A Price spokesperson said he is not going to challenge the speaker, but the rumors illustrate GOP dissatisfaction with Boehner.
Rep. Tom Price will not challenge Speaker John A. Boehner of Ohio for the gavel, his staff announced Monday, but the fact that he is being floated as a contender by conservatives shows the continued unease and suspicion of the House leadership team.
“Congressman Price is not running for speaker. He is focused on real solutions to get America back on track,” Price spokesman Ryan Murphy said.
The comment comes after a National Review article hinted at a possible Price run if the speaker extends himself too much in a fiscal cliff deal with President Barack Obama. The storyline seems to have come from American Majority, a conservative organization that started a “FireBoehner” Twitter hashtag and is pushing Price, outgoing Republican Conference Chairman Jeb Hensarling of Texas and outgoing Republican Study Committee Chairman Jim Jordan of Ohio as possible alternatives to the existing leadership team.
“The #FireBoehner movement has become a threat: If Speaker Boehner compromises with Obama and they propose a tax-hike together, Speaker Boehner will be finished,” the group’s president and CEO, Ned Ryun, wrote in a Monday blog post on RedState.com.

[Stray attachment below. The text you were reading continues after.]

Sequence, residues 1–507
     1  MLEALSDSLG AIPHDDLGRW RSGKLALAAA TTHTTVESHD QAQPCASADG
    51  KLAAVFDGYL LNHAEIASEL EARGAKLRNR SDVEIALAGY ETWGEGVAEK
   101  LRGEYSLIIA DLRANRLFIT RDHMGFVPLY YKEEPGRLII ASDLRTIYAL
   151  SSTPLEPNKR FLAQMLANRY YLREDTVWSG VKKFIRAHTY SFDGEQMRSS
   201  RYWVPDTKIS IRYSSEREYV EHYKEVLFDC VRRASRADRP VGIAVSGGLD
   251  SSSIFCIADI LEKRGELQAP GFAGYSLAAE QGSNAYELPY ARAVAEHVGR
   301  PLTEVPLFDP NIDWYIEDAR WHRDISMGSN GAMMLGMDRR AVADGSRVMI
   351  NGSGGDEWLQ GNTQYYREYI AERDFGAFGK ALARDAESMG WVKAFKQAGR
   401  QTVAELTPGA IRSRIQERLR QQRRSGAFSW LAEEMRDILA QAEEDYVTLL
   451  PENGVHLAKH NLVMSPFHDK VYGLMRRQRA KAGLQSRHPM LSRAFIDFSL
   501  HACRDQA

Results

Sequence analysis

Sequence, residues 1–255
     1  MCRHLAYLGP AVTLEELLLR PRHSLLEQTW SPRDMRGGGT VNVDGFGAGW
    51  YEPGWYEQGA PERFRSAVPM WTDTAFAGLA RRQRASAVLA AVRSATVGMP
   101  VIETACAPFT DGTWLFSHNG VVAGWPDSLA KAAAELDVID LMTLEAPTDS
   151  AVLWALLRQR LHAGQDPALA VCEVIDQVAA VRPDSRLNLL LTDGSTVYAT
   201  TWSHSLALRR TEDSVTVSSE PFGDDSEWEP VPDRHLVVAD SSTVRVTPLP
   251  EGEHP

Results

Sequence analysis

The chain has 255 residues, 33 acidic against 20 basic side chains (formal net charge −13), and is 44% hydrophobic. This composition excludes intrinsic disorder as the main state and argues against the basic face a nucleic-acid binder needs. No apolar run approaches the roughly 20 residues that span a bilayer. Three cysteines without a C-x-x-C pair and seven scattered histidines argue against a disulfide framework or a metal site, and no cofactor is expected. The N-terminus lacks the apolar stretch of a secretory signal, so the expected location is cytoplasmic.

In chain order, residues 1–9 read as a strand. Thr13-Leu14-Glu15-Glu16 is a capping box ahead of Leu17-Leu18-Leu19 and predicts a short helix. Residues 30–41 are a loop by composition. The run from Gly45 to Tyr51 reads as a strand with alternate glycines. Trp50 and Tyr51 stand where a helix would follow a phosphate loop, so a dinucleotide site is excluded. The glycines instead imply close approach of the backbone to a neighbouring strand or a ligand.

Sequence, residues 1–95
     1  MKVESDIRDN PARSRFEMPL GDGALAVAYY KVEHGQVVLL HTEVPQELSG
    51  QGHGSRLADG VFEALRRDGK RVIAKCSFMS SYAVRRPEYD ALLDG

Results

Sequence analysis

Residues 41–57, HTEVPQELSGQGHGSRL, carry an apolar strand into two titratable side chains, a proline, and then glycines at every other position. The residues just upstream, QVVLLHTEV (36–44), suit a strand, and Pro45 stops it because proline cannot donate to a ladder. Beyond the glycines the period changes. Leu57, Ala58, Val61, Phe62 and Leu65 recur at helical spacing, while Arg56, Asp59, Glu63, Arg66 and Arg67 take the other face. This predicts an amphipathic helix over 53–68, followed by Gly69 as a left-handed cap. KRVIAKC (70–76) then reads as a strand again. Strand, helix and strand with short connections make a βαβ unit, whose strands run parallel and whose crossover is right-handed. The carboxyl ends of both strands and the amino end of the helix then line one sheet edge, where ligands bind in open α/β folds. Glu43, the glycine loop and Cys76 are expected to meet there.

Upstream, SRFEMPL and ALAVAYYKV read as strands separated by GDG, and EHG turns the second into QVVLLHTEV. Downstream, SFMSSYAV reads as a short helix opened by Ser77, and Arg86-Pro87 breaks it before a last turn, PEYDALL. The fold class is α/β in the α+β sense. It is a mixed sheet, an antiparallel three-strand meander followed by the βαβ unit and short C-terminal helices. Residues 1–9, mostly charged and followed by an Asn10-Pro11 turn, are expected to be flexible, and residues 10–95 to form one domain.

Aides to Hensarling and Jordan also denied they would run. “The only leadership position Congressman Hensarling plans to hold in the 113th Congress is chairman of the House Financial Services Committee,” said Sarah Rozier, Hensarling’s communications director.
A leading conservative aide dismissed the idea, too, saying there is no talk of a challenge.
Still, this is the latest episode in a long history of conservative dissatisfaction with Boehner, and it could make for an awkward dynamic when the GOP huddles at its annual weekend retreat Jan. 16-18.
Most recently, conservatives have grumbled that Reps. Tim Huelskamp, R-Kan., Justin Amash, R-Mich., and David Schweikert, R-Ariz., were removed from committee assignments because of their ideology — a claim Boehner has denied.
Any challenge would be a long shot, however, as Boehner was already nominated without opposition last month. Rep. Louie Gohmert, R-Texas, tried his hand at a challenge by nominating former Speaker Newt Gingrich, R-Ga., but nobody seconded the nomination.
Price, meanwhile, has options. He narrowly lost a bid for the conference chairmanship, but he could challenge Sen. Saxby Chambliss, R-Ga., one of Boehner’s best friends, in a primary in 2014.
Terri Henderson, 6, center, whose mother is El Salvador, attends a rally with members of Congress at Union Station's Columbus Circle to announce the Restore Opportunity, Strengthen, and Improve the Economy (ROSIE) Act on July 29, 2014. The legislation provides incentives for government contractors to pay a living wage and other benefits that would help low-income workers.